The insurance industry is facing a period of sustained transformation, that we believe will create a trillion dollar value shift. Start-up ‘disrupters’ will capture some of that value but the biggest change will be between insurers that embrace innovation and those that are left behind.
As Evan Greenberg, CEO of Chubb, the world’s largest publicly traded property and casualty company, recently said “We’re in a world that’s going from analogue to digital, if you remain analogue you’re history”.
Insurers today face multiple challenges, they have under invested in technology and therefore have to manage multiple legacy IT systems, data captured is unstructured and hard to access, processes are often manual and labour intensive, the typical culture leans towards conservatism and customer engagement is infrequent. It is this dynamic that has opened the door for new tech companies, with $4.1 billion invested in 2018 alone (source Willis Towers Watson Quarterly InsurTech Briefing Q4 2018).
Perhaps unlike FinTech, we believe that InsurTech will drive most value by working in partnership with incumbents as ‘enablers’ rather than attempting a pure disruptor model. Insurance is complex, highly regulated, difficult to understand, multi layered and incredibly diverse. This will require insurers to engage, be open minded, agile, willing to try new ideas, willing to fail and open to technology and data partnerships. This is a huge shift but the leading players are already making the adjustment. Locking in this alignment between incumbents and start-ups is at the heart of our approach at Eos.
As InsurTech enters its fourth year, we are beginning to see the sector mature. Funding rounds are starting to concentrate on those companies that are performing well, there is less patience for those talking a good game but failing to deliver. This year we expect to see more large rounds, like the $111 million Series B round raised by Wefox from Mubadala European Venture Fund, and for the number of down rounds and failures to increase.
We will also see the continued expansion of InsurTech solutions across the insurance value chain and into multiple product areas. Understandably, the majority of early start-ups focused on popular personal lines products like auto and how to improve the customers experience. However, we are now seeing significant traction across the core areas of insurance including underwriting and claims (although claims remains under represented given the size of the prize) and in to more complex commercial products.
Key trends that will shape the next period of InsurTech include:
Ability to capture and analyse new data sets - often data is already being captured but has never been used for insurance purposes. Unlocking this potential is hugely powerful. Concirrus, an Eos portfolio company, is working in the commercial marine sector with billions of rows of data gathered from sensors, IoT devices, satellites, monitoring of machinery, historical claims experience and industry data from partners. The insights from this data allow insurers to assess risk in a completely new way.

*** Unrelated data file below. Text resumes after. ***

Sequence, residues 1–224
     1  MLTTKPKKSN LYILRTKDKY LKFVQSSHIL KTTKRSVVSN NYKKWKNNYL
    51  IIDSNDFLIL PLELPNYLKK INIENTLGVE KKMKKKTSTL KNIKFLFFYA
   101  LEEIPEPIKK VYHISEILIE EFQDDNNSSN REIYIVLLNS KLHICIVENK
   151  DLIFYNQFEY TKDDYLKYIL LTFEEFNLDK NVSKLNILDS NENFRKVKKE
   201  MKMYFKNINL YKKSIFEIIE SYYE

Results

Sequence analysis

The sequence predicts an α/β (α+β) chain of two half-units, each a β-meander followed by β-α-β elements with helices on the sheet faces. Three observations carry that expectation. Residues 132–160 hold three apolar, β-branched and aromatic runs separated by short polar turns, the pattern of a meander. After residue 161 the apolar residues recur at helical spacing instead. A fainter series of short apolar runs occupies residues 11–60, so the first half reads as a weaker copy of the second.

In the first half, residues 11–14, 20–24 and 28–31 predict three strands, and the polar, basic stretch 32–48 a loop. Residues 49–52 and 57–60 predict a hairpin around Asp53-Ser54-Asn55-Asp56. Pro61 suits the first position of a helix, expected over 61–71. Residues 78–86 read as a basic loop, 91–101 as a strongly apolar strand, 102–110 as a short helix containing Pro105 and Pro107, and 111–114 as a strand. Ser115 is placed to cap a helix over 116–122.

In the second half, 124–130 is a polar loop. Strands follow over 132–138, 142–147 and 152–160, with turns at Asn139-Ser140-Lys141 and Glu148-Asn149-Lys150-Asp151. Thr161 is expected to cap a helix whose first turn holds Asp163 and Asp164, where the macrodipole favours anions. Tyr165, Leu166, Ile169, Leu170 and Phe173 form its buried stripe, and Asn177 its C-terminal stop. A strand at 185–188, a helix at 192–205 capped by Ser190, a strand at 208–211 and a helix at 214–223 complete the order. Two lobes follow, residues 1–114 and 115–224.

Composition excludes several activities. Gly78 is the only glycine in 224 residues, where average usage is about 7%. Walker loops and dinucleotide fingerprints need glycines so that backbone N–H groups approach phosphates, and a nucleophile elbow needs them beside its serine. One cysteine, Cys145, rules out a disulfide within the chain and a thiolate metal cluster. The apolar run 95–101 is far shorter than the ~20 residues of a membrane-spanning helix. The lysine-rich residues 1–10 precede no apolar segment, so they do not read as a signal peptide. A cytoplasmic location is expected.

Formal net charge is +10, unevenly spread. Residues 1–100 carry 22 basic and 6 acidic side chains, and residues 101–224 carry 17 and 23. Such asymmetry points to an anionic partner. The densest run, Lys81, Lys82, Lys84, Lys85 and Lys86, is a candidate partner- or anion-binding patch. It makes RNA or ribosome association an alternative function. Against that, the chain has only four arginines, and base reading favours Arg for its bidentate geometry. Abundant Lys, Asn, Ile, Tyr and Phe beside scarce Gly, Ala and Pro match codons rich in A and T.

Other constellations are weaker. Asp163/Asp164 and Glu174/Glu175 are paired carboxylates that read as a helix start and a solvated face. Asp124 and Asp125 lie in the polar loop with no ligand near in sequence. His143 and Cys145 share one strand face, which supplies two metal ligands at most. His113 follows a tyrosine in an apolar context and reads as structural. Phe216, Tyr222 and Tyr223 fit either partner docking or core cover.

Ability to automate underwriting using AI – in conjunction with the work being done to capture new data is the ability to use machine learning techniques to create predictive models for the assessment and pricing of the underlying risk. For example, it is possible to segment risks based on behaviour and to allow a real time and dynamic view (rather than the traditional approach which relies on an on often dated historical view and proxy information).
Digital customer engagement – Customer expectations have changed and they expect their insurers to keep up. Business models that are digital, transparent, fast and intelligent will create a significant competitive advantage. An example is DFP, an Eos portfolio company, which in the UK works with SME’s and is able to generate automatic policy recommendations based on a needs analysis of the underlying business, the engagement process is online and DFP does all the hard work for the customer.
Active risk management and prevention – Insurers have an opportunity to fundamentally change the nature of insurance. Currently insurance is about protection, however with the growth in data, IoT and AI it is possible to change the model to being prevention focused, helping the customer to reduce the frequency and severity of potential losses. For example, life and health insurers can make health and med tech available to people that have a high risk of a particular condition to allow monitoring, early intervention and better health outcomes.
Changing customer proposition and engagement model – Customer interaction is infrequent, trust levels are often low and interest and demand are depressed. Leading propositions are looking to change this dynamic by offering customers something they actually want and need with the insurance sitting in the background, typically in the form of services and support. An example is Players Health that has built a risk management platform for athletes and sports organisations that supports athlete’s health and safety. The platform is used on a daily basis, provides invaluable support, allows the organisation to comply with legal requirements and helps manage injuries and return to play. This creates a different customer relationship and allows Players Health to provide tailored insurance services and support.
The pace of change will only increase from this point and one thing is certain, insurance will no longer be the sleepy backwater of financial services.